Obverse: Great Zimbabwe Bird. The design is derived from soapstone sculptures found in the ruins of the ancient city of Great Zimbabwe, probably representing sacred or totemic animals of the Shona – the bateleur eagle (Shona: chapungu), which was held to be a messenger from Mwari (God) and the ancestors, or the fish eagle (hungwe) which it has been suggested was the original totem of the Shona.
Date: 2003

Edge: Interrupted reeding (5 sections)

Features
Issuer Zimbabwe
Period Republic (1980-date)
Type Standard circulation coin
Year 2003
Value 10 Dollars (10.00 ZWR)
Currency Third Dollar (2007-2008)
Composition Nickel plated steel
Weight 5.2 g
Diameter 21.47 mm
Thickness 2.16 mm
Shape Round
Technique Milled
Orientation Medal alignment ↑↑
Demonetized 30 June 2009
Number N# 12537
References KM# 14, Schön# 63

Wikipedia:
The African buffalo (Syncerus caffer) is a large sub-Saharan African bovine. Syncerus caffer caffer, the Cape buffalo, is the typical subspecies, and the largest one, found in Southern and East Africa.

The adult African buffalo's horns are its characteristic feature: they have fused bases, forming a continuous bone shield across the top of the head referred to as a "boss". It is widely regarded as one of the most dangerous animals on the African continent, and according to some estimates, it gores, tramples, and kills over 200 people every year.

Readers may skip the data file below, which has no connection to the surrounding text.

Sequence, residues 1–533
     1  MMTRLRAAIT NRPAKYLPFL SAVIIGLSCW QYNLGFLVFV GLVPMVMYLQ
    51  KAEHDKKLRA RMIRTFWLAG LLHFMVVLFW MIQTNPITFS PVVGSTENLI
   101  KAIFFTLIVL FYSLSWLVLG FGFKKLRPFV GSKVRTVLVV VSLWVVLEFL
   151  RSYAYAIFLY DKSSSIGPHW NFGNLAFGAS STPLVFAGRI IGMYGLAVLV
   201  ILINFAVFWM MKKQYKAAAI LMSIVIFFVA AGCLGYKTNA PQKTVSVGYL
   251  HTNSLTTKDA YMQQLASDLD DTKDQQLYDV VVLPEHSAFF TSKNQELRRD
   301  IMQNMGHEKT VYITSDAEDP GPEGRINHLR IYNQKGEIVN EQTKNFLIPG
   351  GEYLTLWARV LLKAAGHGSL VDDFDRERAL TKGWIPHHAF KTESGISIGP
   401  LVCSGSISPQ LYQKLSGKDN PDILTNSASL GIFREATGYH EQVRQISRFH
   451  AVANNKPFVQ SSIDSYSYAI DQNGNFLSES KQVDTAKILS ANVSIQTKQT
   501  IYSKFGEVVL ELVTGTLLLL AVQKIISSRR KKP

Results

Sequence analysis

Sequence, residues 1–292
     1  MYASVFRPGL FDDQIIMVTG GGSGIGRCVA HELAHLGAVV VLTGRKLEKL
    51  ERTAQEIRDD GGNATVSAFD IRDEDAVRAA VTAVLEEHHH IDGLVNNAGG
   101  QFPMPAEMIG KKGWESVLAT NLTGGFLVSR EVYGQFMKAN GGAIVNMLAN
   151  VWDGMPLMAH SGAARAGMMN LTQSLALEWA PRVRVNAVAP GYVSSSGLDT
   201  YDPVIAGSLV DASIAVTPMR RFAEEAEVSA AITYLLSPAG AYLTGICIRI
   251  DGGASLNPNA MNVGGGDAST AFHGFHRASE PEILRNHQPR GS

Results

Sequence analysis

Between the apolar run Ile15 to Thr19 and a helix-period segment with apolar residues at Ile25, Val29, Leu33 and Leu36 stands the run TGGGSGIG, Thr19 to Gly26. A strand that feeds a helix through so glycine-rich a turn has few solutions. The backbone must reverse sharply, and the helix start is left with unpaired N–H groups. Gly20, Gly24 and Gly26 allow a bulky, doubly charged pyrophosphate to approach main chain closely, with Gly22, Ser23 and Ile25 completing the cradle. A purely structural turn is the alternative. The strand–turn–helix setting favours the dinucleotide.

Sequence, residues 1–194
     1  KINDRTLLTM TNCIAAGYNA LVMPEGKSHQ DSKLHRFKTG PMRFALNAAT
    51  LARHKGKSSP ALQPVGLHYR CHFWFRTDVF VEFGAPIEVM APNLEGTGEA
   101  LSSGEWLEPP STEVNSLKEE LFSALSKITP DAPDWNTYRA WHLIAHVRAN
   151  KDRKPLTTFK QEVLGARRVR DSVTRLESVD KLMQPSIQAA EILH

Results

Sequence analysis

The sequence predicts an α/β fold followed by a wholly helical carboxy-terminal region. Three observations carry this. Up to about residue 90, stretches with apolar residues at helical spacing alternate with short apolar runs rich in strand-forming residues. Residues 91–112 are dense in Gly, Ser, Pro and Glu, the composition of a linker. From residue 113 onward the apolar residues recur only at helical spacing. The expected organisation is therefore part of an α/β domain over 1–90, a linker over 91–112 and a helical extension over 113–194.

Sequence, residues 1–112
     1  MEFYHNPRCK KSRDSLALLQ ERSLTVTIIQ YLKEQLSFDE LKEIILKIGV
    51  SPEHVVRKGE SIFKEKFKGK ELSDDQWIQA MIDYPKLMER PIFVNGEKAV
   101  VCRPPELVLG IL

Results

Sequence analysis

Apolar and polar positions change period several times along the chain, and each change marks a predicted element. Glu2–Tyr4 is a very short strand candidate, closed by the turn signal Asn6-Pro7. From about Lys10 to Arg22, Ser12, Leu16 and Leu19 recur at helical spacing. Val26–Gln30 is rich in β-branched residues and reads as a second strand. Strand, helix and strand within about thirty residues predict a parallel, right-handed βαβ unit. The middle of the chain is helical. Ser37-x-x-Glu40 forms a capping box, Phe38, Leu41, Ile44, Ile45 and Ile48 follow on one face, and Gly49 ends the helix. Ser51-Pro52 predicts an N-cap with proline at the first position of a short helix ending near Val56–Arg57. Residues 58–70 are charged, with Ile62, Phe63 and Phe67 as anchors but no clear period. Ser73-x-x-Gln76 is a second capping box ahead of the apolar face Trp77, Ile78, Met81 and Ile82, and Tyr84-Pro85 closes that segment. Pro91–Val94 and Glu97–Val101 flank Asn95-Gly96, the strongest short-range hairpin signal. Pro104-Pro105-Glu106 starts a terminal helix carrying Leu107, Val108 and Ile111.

The African buffalo is not an ancestor of domestic cattle and is only distantly related to other larger bovines. Its unpredictable temperament may have been part of the reason that the African buffalo has never been domesticated, unlike its Asian counterpart, the water buffalo. Adult African buffaloes have few non-human predators aside from lions and large crocodiles. As a member of the big five game, the Cape buffalo is a sought-after trophy in hunting.

Social behavior
Herd size is highly variable. The core of the herds is made up of related females, and their offspring, in an almost linear dominance hierarchy. The basic herds are surrounded by subherds of subordinate males, high-ranking males and females, and old or invalid animals.